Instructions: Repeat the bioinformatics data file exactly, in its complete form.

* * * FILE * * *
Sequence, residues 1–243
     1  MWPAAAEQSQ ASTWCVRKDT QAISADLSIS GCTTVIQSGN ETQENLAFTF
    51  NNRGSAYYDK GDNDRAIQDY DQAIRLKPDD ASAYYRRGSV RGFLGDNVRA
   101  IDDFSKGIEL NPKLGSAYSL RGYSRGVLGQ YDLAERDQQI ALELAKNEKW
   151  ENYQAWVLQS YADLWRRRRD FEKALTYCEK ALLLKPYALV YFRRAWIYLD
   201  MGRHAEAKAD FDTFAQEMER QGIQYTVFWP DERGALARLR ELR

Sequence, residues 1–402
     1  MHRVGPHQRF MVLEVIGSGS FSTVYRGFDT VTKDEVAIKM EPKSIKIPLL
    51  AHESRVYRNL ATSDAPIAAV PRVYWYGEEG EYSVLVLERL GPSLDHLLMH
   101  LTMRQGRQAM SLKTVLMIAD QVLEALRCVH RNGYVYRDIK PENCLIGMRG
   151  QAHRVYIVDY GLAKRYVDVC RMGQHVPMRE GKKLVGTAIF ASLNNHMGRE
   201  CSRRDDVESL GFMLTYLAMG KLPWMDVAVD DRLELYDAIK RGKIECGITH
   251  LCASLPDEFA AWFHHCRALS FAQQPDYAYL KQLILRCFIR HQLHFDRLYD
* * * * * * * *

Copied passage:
Sequence, residues 1–243
     1  MWPAAAEQSQ ASTWCVRKDT QAISADLSIS GCTTVIQSGN ETQENLAFTF
    51  NNRGSAYYDK GDNDRAIQDY DQAIRLKPDD ASAYYRRGSV RGFLGDNVRA
   101  IDDFSKGIEL NPKLGSAYSL RGYSRGVLGQ YDLAERDQQI ALELAKNEKW
   151  ENYQAWVLQS YADLWRRRRD FEKALTYCEK ALLLKPYALV YFRRAWIYLD
   201  MGRHAEAKAD FDTFAQEMER QGIQYTVFWP DERGALARLR ELR

Sequence, residues 1–402
     1  MHRVGPHQRF MVLEVIGSGS FSTVYRGFDT VTKDEVAIKM EPKSIKIPLL
    51  AHESRVYRNL ATSDAPIAAV PRVYWYGEEG EYSVLVLERL GPSLDHLLMH
   101  LTMRQGRQAM SLKTVLMIAD QVLEALRCVH RNGYVYRDIK PENCLIGMRG
   151  QAHRVYIVDY GLAKRYVDVC RMGQHVPMRE GKKLVGTAIF ASLNNHMGRE
   201  CSRRDDVESL GFMLTYLAMG KLPWMDVAVD DRLELYDAIK RGKIECGITH
   251  LCASLPDEFA AWFHHCRALS FAQQPDYAYL KQLILRCFIR HQLHFDRLYD